CQC report on better medicines optimisation

June 7, 2019

The Care Quality Commission (CQC) has released a new report describing lessons for better medicines optimisation across health and social care providers and the positive impact of involving pharmacy professionals these settings.

CQC states that when medicines are managed and used effectively, providers can not only improve outcomes for people, but also drive improvements in overall care, reduce wastage and involve people in their own treatment. This is the goal of medicines optimisation.

However, a recent study estimated that 237m medication errors occur in England each year and there is work to be done to make sure that everyone has access to high-quality, safe care.

The report includes examples of positive outcomes in a variety of services thanks to the input of pharmacy professionals, from helping to upskill care home staff on medicines, to direct involvement in reviewing people’s medicines at the point of discharge from one setting to another.

Medicines in health and adult social care: Learning from risks and sharing good practice for better outcomes is based on qualitative and quantitative analysis of over 200 inspection reports of NHS and independent providers where CQC knew there were medicines-related issues, 100 enforcement notices (such as Warning Notices) and 1,500 National Reporting and Learning System (NRLS) and statutory notifications from providers between 2015 and 2018.

As well as learning for people working in primary care, mental health, adult social care and hospital settings, there were common areas for improvement across health and care, including staff competence and workforce capacity; reporting and learning from incidents; prescribing, monitoring and reviewing medicines; and transfer of care.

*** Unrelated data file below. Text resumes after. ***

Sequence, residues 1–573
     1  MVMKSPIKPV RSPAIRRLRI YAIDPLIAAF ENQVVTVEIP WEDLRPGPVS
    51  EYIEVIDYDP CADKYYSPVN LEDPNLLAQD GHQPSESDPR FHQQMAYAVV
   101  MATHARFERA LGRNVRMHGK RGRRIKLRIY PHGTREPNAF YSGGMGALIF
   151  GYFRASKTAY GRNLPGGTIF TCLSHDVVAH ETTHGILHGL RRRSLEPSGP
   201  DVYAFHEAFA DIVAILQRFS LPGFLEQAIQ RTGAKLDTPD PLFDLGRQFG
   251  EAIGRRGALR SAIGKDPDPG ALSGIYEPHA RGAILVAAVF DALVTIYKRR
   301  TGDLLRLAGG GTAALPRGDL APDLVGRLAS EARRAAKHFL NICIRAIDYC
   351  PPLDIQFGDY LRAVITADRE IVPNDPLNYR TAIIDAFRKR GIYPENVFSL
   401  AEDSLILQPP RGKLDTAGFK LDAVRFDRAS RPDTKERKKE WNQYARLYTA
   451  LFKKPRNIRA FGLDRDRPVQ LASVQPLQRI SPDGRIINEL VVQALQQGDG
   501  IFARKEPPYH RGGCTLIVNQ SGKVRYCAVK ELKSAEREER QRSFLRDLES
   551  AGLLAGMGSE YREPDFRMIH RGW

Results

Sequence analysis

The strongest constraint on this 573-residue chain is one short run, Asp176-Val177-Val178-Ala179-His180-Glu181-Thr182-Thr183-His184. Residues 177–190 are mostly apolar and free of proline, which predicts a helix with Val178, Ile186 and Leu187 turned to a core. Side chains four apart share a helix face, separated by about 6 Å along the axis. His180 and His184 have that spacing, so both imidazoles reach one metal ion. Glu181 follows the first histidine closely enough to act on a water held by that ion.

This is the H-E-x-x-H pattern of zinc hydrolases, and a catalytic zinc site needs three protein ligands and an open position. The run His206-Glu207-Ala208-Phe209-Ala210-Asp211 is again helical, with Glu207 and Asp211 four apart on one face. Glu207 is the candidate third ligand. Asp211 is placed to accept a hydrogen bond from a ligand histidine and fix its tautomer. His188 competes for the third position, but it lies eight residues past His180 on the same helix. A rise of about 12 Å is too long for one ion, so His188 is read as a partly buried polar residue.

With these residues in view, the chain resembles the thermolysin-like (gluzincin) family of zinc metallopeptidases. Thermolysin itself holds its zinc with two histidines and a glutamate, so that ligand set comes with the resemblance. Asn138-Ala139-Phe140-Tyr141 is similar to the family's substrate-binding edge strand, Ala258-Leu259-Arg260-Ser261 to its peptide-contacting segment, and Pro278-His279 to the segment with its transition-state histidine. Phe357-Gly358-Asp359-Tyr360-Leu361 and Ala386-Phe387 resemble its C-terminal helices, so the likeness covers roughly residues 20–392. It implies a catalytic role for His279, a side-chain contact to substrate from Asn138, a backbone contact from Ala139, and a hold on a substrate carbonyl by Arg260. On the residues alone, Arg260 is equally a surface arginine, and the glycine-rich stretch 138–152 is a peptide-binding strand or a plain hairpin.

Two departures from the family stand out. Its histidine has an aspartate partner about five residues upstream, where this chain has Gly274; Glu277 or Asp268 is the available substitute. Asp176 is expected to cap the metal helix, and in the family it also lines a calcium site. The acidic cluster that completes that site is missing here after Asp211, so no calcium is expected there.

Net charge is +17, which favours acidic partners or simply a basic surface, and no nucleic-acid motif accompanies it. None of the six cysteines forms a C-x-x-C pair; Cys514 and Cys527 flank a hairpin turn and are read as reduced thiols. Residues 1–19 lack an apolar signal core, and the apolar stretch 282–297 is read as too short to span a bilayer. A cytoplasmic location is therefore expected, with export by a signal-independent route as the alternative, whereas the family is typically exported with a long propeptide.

For adult social care, the report on medicines optimisation makes six recommendations. These are:

  1. Adopt best practice guidance, specifically NICE guidance for managing medicines in care homes and in the community.
  2. Consider having an attached or named pharmacist to support staff with issues around the use of medicines. This can help to implement guidance and training on administering medicines covertly, ‘when required’ (PRN) medicines, and those required as part of end of life care.
  3. Train and assess staff in handling and administering medicines as an ongoing priority. It should be clear who is responsible for training staff about medicines and that this training is kept up to date.
  4. Make clear who has ongoing clinical responsibility and oversight of medicines. Expectations around responsibility should be clear in the contracts that local authorities and CCG commissioners issue to providers.
  5. Consider hiring a nursing associate, which may help to ease pressure on nursing staff in care homes, but make sure that they are deployed safely and effectively, with the  appropriate competencies and supervision when their work involves medicines.
  6. Adopt NHS England initiatives such as Enhanced Health in Care Homes and Medicines Optimisation in Care Homes to help drive improvement by involving pharmacists and providing joined-up primary, community and secondary care to residents.

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